Google Gives Up On AI Ethics (Board)

Google Gives Up On AI Ethics (Board)

Less than a week after it was announced, Google is pulling the plug on its controversial AI ethics advisory board — an about-face attributable to Googlers themselves.

The formation of the eight-member Advanced Technology External Advisory Council (ATEAC) was broadly met with apprehension. Wasn’t this just Google policing itself with the blessing of a handful of academics?

Ethics is arguably an area where Google has stumbled recently, taking flack from lawmakers, the press and its own employees over concerns it was involved in a military drone project and engaged in building a government-censored search product for the Chinese market.

In other words, the core premise of ATEAC seemed compromised from the start. Google already maintains internal AI ethics principles — it was just, in the minds of many employees, increasingly unwilling to follow them.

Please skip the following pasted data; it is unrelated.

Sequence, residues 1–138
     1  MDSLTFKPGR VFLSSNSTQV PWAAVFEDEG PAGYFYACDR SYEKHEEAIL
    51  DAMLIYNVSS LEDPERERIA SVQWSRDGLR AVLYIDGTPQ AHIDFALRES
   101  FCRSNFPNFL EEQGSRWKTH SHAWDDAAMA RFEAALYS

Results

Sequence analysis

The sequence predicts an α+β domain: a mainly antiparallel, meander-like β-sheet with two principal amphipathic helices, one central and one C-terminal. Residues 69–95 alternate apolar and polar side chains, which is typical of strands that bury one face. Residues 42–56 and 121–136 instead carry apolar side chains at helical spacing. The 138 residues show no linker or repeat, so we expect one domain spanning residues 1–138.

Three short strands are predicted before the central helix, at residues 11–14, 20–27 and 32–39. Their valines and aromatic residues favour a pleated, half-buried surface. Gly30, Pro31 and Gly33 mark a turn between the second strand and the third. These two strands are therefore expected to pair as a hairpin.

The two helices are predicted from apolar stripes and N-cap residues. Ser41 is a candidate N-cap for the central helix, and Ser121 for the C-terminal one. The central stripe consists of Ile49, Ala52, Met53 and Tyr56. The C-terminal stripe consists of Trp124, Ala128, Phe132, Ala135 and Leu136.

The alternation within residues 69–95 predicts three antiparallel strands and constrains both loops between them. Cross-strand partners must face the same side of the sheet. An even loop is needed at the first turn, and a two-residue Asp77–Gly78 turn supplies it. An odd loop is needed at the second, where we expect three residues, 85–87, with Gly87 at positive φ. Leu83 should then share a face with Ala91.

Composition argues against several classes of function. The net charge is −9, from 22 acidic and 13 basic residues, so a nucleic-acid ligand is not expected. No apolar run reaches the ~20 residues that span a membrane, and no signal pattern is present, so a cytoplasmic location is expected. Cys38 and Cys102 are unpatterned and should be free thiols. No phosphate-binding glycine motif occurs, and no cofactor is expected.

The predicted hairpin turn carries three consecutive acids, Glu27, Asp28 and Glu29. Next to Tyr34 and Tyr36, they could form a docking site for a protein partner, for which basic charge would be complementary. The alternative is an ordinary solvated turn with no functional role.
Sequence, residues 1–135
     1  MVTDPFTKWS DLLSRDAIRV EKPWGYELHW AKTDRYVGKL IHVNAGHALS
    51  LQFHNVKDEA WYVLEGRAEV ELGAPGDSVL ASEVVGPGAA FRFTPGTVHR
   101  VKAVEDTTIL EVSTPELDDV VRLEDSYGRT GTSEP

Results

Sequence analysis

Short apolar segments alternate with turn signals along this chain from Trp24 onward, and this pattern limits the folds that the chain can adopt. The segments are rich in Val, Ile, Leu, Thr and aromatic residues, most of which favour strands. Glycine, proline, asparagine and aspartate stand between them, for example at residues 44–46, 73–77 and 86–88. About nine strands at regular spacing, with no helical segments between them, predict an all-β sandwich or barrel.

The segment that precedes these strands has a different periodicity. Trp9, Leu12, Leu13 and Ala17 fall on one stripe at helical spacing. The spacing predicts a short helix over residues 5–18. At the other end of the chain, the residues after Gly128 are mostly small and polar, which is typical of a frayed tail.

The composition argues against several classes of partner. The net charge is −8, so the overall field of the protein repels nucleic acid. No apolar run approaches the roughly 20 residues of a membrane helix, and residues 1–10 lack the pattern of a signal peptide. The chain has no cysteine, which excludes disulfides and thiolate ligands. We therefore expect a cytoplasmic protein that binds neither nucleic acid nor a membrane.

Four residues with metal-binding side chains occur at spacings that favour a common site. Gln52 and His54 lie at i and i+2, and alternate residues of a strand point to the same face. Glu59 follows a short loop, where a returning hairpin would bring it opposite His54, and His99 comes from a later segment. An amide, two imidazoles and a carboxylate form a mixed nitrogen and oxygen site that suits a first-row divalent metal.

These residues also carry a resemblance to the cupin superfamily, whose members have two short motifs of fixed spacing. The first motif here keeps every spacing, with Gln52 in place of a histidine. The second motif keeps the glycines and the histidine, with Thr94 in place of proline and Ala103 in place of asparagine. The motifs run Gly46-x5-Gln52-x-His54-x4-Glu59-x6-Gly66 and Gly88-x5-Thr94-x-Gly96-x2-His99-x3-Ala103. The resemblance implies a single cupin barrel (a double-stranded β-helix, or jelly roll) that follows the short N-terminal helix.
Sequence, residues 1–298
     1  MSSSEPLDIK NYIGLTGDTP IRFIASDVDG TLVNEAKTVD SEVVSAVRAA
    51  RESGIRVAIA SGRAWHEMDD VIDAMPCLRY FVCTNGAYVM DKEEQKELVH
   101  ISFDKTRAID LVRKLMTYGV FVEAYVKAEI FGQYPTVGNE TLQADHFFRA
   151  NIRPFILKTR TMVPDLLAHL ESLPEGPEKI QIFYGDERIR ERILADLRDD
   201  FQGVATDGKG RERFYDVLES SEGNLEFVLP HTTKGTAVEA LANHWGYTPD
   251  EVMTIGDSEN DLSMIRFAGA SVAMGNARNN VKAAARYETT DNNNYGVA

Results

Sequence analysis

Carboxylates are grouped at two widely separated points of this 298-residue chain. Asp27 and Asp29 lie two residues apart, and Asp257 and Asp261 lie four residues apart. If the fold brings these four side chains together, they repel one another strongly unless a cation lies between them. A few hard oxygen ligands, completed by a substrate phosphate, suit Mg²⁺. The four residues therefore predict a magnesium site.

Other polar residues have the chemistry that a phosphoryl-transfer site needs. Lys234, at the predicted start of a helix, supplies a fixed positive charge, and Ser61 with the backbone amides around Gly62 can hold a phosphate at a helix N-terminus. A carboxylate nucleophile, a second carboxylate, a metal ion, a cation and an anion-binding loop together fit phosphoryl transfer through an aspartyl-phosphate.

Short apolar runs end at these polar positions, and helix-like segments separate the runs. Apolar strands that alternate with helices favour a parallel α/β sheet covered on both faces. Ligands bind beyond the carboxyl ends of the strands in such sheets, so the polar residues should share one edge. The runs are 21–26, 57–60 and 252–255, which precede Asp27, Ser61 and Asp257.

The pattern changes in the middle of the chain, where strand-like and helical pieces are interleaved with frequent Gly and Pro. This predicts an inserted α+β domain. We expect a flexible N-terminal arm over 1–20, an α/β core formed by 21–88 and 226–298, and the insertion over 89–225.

But the composition of ATEAC wasn’t just academics in emerging tech: A contingent of Googlers were disturbed to find one of the appointees, Heritage Foundation president Kay Coles James, had little relevant experience and a history of transphobic remarks.

Those workers organised to push back against her inclusion on the board. At the time of this writing, the letter they began circulating on Monday has around 2500 signatures.

A growing and vocal group of Google workers have become increasingly sophisticated at organising rapid responses to instances they feel the company is ethically falling short, whether that’s cosiness with the military, exit packages for alleged harassers, or mistreatment of temp workers.

On Thursday, Vox’s Kelsey Piper reported the board was no more. In a statement sent to Gizmodo, Google said that “It’s become clear that in the current environment, ATEAC can’t function as we wanted. So we’re ending the council and going back to the drawing board.”